With the Central Bank of Nigeria (CBN) effectively devaluing the Naira from its official rate of N305 to N360, and the parallel rates exceeding N380 already, the country’s economy seems set for a massive tumble. Nigeria’s economy appears set for a hit with oil prices tumbling from a high of $75 to a new low of $26 per barrel. Current oil prices of course significantly distort the 2020 National budget of N10.59 trillion, whose funding is dependent on it. The country’s leaders are already scrambling to find answers to the present situation. An Economic Stimulus Bill passed in record time by the House of Representatives on Tuesday, March 24 seeks to provide temporary relief to companies and individuals regarding the adverse financial consequences of the slow down in economic activities, brought on by the outbreak of COVID-19. Details of the Bill include tax relief for companies who do not retrench or sack staff within the year. It also provides for import duty waiver on medicines and medical goods, as well as deferment of mortgage obligations on residential mortgages. This Bill will get passed in the Senate and receive presidential assent before becoming operational.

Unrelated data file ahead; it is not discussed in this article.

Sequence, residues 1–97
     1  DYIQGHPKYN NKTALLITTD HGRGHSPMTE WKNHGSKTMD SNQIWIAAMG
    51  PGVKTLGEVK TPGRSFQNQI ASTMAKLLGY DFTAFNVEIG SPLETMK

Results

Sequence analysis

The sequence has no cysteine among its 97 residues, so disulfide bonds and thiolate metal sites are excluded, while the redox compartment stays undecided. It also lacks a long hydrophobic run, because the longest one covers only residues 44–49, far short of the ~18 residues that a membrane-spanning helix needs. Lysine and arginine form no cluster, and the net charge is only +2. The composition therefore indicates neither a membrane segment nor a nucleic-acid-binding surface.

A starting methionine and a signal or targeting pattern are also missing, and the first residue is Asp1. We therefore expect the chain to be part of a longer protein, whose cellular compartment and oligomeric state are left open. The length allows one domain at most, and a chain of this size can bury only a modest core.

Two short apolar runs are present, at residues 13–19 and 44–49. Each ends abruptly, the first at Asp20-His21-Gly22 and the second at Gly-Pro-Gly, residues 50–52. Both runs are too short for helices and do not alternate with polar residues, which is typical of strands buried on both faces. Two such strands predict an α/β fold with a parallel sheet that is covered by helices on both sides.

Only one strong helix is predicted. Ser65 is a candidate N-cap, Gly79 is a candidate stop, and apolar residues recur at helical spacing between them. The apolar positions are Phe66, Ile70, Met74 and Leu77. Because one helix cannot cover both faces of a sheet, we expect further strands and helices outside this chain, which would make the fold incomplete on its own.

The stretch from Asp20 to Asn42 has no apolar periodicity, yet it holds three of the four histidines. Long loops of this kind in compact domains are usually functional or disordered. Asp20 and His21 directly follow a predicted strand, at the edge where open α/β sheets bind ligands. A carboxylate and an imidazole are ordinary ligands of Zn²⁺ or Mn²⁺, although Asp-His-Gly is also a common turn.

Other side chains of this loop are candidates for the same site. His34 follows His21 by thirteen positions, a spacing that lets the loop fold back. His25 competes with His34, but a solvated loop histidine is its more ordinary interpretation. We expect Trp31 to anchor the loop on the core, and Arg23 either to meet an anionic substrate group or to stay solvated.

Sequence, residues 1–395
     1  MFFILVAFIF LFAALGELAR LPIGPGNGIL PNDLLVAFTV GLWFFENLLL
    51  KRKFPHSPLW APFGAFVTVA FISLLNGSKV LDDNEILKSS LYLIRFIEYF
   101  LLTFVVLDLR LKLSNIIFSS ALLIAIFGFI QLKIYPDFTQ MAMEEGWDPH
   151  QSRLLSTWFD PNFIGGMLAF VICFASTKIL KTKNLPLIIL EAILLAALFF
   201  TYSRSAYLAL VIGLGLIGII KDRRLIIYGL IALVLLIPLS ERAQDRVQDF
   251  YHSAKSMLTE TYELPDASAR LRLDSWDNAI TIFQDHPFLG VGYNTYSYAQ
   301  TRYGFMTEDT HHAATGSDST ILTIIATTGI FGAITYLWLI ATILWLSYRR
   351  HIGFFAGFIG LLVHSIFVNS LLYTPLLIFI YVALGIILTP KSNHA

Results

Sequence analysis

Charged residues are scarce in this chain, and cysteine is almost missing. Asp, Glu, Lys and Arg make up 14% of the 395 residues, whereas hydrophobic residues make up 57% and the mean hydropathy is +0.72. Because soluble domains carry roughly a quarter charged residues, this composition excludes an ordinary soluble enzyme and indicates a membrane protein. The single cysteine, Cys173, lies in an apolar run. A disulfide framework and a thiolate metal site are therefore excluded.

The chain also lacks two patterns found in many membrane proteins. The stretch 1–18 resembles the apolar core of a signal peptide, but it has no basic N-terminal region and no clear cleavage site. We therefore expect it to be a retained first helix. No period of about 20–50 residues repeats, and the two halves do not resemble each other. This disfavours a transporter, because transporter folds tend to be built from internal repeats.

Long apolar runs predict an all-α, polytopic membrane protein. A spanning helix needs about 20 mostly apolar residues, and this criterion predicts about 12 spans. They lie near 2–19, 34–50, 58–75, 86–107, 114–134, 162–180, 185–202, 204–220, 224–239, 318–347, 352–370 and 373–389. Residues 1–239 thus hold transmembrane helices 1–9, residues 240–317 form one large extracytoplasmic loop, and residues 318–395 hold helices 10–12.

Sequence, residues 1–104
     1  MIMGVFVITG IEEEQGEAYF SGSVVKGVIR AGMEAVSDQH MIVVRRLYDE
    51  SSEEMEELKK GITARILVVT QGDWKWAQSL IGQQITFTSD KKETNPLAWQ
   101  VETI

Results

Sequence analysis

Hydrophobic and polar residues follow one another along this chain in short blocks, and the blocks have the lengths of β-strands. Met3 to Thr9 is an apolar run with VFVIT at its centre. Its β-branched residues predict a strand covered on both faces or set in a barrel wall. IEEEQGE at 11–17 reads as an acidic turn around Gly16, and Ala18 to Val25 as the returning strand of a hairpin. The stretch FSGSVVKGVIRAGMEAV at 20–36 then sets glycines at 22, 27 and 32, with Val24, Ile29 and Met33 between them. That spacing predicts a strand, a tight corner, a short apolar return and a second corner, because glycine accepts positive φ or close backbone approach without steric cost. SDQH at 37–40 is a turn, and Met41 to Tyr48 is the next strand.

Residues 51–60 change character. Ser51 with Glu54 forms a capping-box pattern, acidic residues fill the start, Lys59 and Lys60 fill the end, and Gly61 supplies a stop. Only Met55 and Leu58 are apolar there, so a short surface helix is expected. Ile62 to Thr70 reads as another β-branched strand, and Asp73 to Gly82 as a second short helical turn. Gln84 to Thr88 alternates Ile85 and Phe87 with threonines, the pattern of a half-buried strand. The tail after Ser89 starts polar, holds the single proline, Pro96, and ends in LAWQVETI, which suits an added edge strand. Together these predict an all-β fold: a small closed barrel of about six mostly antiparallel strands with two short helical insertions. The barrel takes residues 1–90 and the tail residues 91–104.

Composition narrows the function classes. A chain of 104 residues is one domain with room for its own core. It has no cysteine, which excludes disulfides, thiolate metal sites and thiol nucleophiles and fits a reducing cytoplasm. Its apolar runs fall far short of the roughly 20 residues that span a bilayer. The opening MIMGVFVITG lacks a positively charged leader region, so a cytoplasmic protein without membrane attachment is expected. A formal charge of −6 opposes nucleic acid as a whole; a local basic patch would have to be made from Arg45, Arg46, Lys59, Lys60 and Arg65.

The currency adjustment may not be the only economic implication for Nigeria as it tackles COVID-19. A partial or even total lockdown of the country may mean that the livelihood of many Nigerians will be adversely affected. Although the reduction in economic activities may mean a recession for economies around the world, some countries have already put measures in place to cushion the fallout being experienced in this period, in form of grants to individuals and businesses, as well as postponed deadlines for filing tax returns, among other incentives. However, in Nigeria, citizens worry that there is no respite in sight, as the only positive development recorded so far is a reduction in the pump price of Petroleum Motor Spirit (PMS) commonly known as petrol. Its unit price of N145 per litre was reduced to N125 per litre, occasioned more by the drop in oil price in recent weeks, rather than deliberate alleviation. The Economic Stimulus package passed as private members’ Bill in the House, which is yet to become law, is seen by many as too little in what seems likely to be very tough times ahead.